The death toll from a mudslide on the Italian island of Ischia has now risen to seven.
A wave of mud and debris caused by heavy rainfall devastated the small town of Casamicciola Terme in the north of the island, off the coast of Naples, early Saturday morning.
On Sunday evening, the Italian government declared a state of emergency on Ischia, with five people still missing.
Earlier, search teams recovered the body of a young girl from her childhood home while digging through the mud for the second day.
The Italian press also reported that 13 people were injured.
Some of the people initially reported missing were eventually found safe, including a family with a newborn baby, Naples prefect said.
Search operations were hampered by persistent rain and high winds, which also delayed the arrival of reinforcements by ferry from the mainland.
More than 200 aid workers joined the search for the missing, while hundreds of volunteers, knee-deep in mud, cleared the streets of the small town.
The remains of cars and buses crushed by the violent mudslide and rockslide can be seen everywhere as excavators try to clear access to homes, cars and shops.
An initial €2 million emergency package was also agreed at an extraordinary government meeting on Sunday, Civil Protection Minister Nello Musumeci said.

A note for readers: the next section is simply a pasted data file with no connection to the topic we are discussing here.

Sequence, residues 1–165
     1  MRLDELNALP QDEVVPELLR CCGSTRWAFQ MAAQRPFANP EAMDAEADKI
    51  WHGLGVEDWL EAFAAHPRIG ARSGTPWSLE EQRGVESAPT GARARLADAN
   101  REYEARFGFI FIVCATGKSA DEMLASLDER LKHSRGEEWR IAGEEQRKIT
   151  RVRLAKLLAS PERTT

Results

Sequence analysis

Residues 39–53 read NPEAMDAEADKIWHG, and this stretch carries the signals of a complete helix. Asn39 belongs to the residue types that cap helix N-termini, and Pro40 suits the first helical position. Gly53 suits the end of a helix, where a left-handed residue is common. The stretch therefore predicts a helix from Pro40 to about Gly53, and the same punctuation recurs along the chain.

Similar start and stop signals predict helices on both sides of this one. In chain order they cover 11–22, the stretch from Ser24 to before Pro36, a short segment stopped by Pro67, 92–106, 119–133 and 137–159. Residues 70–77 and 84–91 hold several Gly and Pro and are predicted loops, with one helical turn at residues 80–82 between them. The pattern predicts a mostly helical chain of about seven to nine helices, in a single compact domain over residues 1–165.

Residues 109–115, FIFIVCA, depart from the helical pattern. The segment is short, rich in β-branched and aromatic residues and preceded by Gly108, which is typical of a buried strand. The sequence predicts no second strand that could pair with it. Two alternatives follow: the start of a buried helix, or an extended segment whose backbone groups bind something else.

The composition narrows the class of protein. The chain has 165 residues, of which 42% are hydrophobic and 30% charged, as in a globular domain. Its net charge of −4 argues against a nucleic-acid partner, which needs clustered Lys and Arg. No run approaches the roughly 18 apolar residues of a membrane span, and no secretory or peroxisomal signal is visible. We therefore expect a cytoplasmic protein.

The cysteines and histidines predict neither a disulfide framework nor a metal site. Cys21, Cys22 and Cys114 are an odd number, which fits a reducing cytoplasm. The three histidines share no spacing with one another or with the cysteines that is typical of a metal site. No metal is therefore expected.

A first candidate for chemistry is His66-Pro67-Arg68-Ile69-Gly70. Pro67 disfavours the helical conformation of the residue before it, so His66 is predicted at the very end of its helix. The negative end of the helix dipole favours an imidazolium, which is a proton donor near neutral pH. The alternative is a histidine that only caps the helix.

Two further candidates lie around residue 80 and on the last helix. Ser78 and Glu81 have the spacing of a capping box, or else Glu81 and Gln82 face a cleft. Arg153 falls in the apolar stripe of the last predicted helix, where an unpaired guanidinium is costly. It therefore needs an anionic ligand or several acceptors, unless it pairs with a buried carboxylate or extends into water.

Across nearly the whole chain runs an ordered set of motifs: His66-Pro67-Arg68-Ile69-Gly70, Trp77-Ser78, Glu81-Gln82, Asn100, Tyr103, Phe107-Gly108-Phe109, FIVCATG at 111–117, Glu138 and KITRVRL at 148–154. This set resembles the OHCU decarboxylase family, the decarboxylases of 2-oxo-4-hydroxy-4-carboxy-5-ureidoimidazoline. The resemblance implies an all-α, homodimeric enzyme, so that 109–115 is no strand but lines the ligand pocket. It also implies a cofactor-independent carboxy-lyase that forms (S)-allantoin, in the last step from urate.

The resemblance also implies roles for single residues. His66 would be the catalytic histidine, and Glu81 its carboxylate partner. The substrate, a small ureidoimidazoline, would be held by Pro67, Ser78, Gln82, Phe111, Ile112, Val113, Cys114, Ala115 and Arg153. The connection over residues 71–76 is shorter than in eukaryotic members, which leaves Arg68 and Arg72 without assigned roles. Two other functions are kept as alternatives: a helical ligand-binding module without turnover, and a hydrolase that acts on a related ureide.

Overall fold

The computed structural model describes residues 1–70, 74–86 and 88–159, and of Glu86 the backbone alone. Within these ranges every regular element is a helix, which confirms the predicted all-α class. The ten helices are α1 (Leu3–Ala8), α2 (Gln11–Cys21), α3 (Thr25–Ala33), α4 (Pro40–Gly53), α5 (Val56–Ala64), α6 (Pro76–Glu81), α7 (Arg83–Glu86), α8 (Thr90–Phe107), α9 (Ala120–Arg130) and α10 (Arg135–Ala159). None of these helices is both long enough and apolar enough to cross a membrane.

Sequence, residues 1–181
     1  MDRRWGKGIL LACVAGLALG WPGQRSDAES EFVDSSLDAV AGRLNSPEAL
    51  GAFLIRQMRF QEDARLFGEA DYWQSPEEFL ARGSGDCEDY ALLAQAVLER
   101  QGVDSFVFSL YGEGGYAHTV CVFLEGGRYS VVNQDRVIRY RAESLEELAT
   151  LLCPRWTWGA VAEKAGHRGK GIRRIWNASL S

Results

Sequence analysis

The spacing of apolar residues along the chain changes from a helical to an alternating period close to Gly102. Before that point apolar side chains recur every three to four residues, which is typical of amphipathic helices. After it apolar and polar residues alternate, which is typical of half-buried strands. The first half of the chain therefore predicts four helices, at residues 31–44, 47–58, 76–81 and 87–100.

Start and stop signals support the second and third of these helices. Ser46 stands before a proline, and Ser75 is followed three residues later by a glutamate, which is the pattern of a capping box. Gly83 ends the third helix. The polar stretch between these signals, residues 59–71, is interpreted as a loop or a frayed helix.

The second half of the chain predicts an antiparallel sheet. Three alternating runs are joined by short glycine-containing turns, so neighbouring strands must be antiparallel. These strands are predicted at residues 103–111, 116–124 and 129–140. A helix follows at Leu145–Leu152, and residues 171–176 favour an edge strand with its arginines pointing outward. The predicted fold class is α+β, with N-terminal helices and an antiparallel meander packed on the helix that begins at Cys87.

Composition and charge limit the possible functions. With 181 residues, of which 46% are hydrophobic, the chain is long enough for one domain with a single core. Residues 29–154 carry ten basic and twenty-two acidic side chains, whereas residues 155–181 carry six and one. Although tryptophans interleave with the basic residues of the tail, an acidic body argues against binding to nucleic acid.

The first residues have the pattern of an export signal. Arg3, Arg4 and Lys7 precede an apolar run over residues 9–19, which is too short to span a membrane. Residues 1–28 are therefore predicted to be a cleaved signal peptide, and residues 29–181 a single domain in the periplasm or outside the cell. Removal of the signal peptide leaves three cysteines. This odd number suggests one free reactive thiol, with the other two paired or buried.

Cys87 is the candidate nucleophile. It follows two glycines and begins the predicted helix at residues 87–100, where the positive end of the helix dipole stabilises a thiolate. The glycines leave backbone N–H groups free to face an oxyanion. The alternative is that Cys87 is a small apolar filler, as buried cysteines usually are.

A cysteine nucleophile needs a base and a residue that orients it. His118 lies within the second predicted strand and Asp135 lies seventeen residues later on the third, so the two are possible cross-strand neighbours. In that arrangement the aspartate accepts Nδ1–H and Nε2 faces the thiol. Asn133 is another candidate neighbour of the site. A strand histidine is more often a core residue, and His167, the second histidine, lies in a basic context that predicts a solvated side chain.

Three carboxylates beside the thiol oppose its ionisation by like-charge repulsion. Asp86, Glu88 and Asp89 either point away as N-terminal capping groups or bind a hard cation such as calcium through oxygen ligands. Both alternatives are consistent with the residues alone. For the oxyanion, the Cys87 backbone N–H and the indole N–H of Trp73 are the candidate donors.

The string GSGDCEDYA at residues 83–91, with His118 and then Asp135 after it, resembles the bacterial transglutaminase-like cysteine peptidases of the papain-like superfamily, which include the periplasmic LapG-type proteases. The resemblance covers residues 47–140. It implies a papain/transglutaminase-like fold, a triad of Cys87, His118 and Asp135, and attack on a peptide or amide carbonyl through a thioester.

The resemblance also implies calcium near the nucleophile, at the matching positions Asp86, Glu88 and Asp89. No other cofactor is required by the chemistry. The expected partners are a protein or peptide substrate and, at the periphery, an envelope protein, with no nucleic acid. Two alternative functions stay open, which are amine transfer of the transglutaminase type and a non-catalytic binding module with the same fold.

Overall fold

Saturday’s landslide sent mudslides through the streets, toppling trees and dragging and crushing vehicles, sometimes into the sea. It also “buried a house” and two people were rescued from a car that had driven into the sea, the fire service said.
Rescue services planned to evacuate 150 to 200 people to temporary accommodation, and local authorities called on islanders to remain in their homes so as not to hinder rescue operations.
Some experts have questioned a high rate of urbanization and a lack of planning constraints.
“In Ischia, there is an urbanization that has affected and devastated the whole area,” Tommaso Moramarco, director of the Institute for Research and Hydrogeological Protection, told AGI news agency.
“When the island entered the period of mass tourism, the growth of infrastructure was exponential, smothering all the natural elements of the area and covering everything with cement,” denounced geologist Mario Tozzi in La Stampa, recalling the existence of tens of thousands of abusive constructions in Ischia.
Casamicciola Terme, a winter resort of 8,000 on the lush island of Ischia near Capri, was hit by an earthquake in 2017 that killed two people. However, it was completely destroyed by a much more powerful earthquake in the late 19th century.
Saturday’s disaster came just weeks after 11 people died in flooding caused by heavy rains in east-central Italy.